Shaunna Mireau on Canadian Legal Research

Tips on Canadian legal research from the Library at Field LLP.
Postings are those of the author and do not necessarily represent the firm.

April 07, 2015

Commissioners of Oaths in Alberta Have New Rules

~ a slightly modified post~

Waaaay back in 2013 there was an Alberta Bill passed that consolidated the Notaries Public Act and the Commissioners for Oaths Act. These two pieces of legislation are in place to make the rules for notarizing and commissioning documents clear and to provide a way to deal with any problems that crop up, among other things. The Notaries and Commissioners Act SA 2013, N-5.5 will come into force on April 30, 2015.
Some of the changes for Commissioners:

Old legislation: commissioners appointments (if appointed after June 1991) expired on the third birthday after appointment unless cancelled by the Minister in writing.
New legislation: commissioners terms of office are (the same) defined in a regulation [this means that they are much easier to change].

Old legislation: commissioners by virtue of their office who could administer oaths and take and receive affidavits made outside Alberta for use in Alberta, declarations and affirmations included members of a Metis settlement council, a school trustee.
New legislation: For documents and oaths made outside Alberta for use in Alberta, only Saskatchewan side commissioners who live or provide services in Lloydminster, political representatives and active full time officers in the Canadian Forces are listed in the legislation (section 16(3)).

Old legislation: commissioners legibly inserted their name, and if they were appointed by the Minister (rather than by virtue of office) their commission termination date; liable for a fine of $100 if non-compliant.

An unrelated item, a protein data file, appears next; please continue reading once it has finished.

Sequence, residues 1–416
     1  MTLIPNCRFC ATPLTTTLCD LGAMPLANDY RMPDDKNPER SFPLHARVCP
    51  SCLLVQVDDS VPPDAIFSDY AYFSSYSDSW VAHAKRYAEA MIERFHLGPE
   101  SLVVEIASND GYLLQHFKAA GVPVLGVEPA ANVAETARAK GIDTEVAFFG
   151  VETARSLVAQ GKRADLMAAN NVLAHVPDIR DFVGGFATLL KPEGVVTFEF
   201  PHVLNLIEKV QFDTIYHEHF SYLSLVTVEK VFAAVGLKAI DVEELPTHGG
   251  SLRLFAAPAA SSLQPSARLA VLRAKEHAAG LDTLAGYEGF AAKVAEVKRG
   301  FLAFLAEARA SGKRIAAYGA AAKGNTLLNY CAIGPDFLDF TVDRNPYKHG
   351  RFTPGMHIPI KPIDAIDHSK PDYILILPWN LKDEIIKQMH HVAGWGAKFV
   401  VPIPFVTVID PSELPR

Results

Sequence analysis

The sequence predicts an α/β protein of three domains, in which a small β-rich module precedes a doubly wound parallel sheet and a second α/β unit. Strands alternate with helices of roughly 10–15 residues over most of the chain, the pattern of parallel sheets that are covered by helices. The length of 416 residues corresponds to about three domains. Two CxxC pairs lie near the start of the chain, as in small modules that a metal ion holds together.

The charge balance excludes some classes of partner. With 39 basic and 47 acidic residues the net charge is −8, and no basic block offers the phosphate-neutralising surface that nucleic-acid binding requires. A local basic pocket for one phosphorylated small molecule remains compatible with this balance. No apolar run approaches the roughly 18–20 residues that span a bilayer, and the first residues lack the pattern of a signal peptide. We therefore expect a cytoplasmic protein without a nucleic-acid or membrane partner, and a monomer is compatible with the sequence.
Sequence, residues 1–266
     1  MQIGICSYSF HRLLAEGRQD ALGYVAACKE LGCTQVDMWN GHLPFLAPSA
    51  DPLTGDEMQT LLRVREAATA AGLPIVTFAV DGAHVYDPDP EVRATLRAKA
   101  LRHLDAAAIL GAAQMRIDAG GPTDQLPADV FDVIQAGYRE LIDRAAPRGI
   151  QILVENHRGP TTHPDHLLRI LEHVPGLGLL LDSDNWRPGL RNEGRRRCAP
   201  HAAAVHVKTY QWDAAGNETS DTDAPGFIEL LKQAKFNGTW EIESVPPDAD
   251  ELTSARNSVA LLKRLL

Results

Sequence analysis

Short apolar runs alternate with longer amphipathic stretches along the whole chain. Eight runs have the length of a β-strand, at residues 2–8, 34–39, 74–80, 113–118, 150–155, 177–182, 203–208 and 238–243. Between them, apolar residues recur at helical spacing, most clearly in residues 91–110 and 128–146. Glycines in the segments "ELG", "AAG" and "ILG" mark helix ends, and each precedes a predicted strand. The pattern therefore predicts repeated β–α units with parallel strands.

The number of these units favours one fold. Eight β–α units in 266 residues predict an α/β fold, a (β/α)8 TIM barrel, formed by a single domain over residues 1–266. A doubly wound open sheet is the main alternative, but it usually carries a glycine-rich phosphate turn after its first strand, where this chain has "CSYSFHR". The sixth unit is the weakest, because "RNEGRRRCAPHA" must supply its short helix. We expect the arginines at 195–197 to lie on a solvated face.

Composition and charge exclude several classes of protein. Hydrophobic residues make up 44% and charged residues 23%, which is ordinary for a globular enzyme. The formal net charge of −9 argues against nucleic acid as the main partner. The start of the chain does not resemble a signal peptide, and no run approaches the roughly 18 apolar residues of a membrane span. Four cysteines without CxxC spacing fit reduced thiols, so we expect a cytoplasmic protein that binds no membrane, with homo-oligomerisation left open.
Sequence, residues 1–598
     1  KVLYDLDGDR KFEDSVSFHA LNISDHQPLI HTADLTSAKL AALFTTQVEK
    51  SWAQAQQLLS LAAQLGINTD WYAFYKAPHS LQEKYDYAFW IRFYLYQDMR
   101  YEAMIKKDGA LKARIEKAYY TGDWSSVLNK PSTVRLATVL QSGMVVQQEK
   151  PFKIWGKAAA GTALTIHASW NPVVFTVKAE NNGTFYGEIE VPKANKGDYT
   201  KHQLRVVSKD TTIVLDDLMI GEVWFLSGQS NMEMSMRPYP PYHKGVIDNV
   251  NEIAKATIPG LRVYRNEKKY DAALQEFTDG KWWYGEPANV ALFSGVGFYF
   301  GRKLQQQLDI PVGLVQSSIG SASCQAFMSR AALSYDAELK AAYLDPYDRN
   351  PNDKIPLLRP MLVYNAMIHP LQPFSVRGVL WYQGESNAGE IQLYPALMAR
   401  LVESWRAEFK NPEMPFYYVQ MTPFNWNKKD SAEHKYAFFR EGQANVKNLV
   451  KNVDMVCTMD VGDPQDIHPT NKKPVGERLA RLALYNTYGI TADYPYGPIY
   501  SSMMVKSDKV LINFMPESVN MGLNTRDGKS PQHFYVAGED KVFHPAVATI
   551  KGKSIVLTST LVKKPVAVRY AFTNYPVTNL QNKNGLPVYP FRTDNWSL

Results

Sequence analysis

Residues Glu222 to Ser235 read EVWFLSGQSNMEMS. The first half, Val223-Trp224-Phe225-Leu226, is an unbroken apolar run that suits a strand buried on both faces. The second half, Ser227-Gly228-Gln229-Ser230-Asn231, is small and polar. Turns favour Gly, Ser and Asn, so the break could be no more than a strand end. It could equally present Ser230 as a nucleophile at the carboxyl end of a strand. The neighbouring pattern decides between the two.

New legislation: commissioners legibly insert their name, “A Commissioner for Oaths in and for Alberta”, appointment expiry or if by virtue of office, their office status (i,.e Student-at-Law); liable for a fine of $1000 if non-compliant.

Old legislation: penalty for not following the rules or representing yourself as a commissioner when you are not one – $500
New legislation: penalty for not following the rules or representing yourself as a commissioner when you are not one – $5000

New legislation: you can only apply to be a commissioner if you are a Canadian citizen or permanent resident.
New legislation: the Minister may establish directives governing the duties of commissioners as well as a code of conduct
New legislation: the Minister may issue written directions to the Judicial Council, Law Society, employers of commissioners and anyone else the Minister considers it to be necessary to administer the act
New legislation: contains consequential amendments to the Alberta Evidence Act regarding oaths made outside Alberta, changing the definition of lawyer and restricting effective guarantees to lawyers (as opposed to Notaries) in the Guarantees Acknowledgment Act. There are also clean up references in other acts.


March 24, 2015

Celebrating achievment

I have been a very quiet blogger lately with a reasonably good excuse.  Since the beginning of August, 2014, I have been working to achieve certification in Lean Six Sigma. As of last Sunday, the formal part of my education in this discipline is now complete.
Why is Six Sigma certification so important to me? That is a question I have been asking myself - most often when working on a statistics question.

The answer is that it is important to me to perform at a high level. I want to advise my colleagues on the best way forward for their process improvement initiatives.  I want to work with teams who get to that high functioning sweet spot of maximum  output.  When I suggest a path, I want my colleagues to trust that I am not sending them on the pot-hole filled, meandering,  gravel side road, but ahead of the line of vehicles on that freshly paved, multi-lane, freeway that has great merge lanes, off ramps, and rest stops.